17. All true. The diff is that in programming the middle level guy has to constantly keep on top of technological changes or he's a goner. Not so much if you're a nurse. Taking that as an analogy, once you've learned all the stuff that will get you a degree as a nurse, the lion's share of the rest is on the job stuff you'll learn with experience. Obviously there will have to be time spent on keeping up, but it's not like the skill for putting an IV in an arm changes from one year to the next.
    For a programmer, there's the on the job experience after he gets his degree, but then on top of that he has to constantly keep up with changes in a multiplicity of things: at minimum, at least one computer programming language and one database language. More than likely, he'll learn a new one in a couple of years, from scratch.
    The learning is a constant thing. I wound up learning somewhere around 10 or so different languages for doing different things during my career, dealt with at least four or five OS's, and a few different database languages. That's on top of learning the business, as you point out. And of course as you went from one business to the next you had to learn the next one there too.
    See what I mean? It's a constant thing, far more comparable to a doctor than a nurse. The changes encompass technology, but then if in the middle you move from being employed by a store to being employed by a bank you have a completely new set of business requirements you have to learn on top of keeping up with your skills. And you're supposed to do all that while maybe making a bit more than a cop.
    I'm married to a doctor. I was on 24 hour call, and doing all the keeping up I list above, and making less than my wife at one point. That was when I took inventory and said screw this. I'm not alone.
  18. Maybe on Wall Street. But they make money out of air on Wall st right? Everywhere else the starting salary is $75k and people make about $120k after 5-10 years of work:
    Looks like Microsoft is paying more now but I wouldn't be surprised if foreigners weren't getting the 91K from the start. To make 200K you would have to have a pretty fancy title like principle architect or something. Few people get that far.
  19. That's true about most dynamic professions. I, not being a programmer by trade, have used 10 or so programming languages in the last 15 years and that is on top of learning new models, new products etc. Once I moved to prop, it's only gotten worse - your only skill is ability to learn and generate new ideas. I think in any industry, the only way to relax is to make it into the middle management where your main skill is the ability to kiss ass (yet another proof that EQ > IQ).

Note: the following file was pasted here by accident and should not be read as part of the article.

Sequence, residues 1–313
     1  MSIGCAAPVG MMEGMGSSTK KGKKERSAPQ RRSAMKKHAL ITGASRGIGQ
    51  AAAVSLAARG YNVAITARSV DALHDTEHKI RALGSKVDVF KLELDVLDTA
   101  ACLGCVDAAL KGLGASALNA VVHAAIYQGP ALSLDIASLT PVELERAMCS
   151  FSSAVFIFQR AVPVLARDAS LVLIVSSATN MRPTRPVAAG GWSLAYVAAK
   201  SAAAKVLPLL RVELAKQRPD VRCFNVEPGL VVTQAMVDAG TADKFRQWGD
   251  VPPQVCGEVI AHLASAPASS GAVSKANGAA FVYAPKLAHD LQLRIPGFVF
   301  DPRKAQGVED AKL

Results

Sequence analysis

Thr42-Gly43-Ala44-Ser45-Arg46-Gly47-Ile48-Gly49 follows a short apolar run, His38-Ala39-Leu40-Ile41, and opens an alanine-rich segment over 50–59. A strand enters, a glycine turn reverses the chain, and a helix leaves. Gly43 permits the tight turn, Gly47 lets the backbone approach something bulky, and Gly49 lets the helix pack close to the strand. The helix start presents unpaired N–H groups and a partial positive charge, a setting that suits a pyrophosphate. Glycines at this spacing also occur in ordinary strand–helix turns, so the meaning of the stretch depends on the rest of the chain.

Medicine is unique since the level of pay there mainly derives from the artificial shortage of doctors, not from the actual skill-set they posses. But even there and around - give it another couple years and people will go to India to get a facelift for a grand vs. paying 10k here and you will heart the same song.
  20. True. However, a 120k salary in Ohio is way better then 250k in the New York City. I literally think that the "exchange rate" is 1:4 or so.
  21. 1. That last is already happening a lot. My wife was actually thinking about getting in on the business of referring people overseas for procedures.
    2. Yeah, I kicked myself up to middle mgmt. But you're not getting my point: the shortage of which you complain isn't artificial, as you say it is with doctors. It's a direct result of the price being too low. It's a version of the long lines you used to see in Russia under communism: that was regulation of supply by shortage as the price being paid for the stuff those people were buying was too low. Same thing here: people are doing without domestically produced IT help because a bright young person doesn't see the price rewarding him for the work involved in acquiring the skill. I recently interviewed a bunch of people for a job opening, and was really surprised how little was available. Even a couple of years ago you got much better candidates. This is a direct result of price suppression on the part of employers, who really seem to think there's no reason to pay up, and then simultaneously complain of a shortage. Well, duh!
  22. You bet, and I've witnessed so many dumb executives while I was IT temping the past 5 years. Unbelievable they were making 2x-4x what I was making.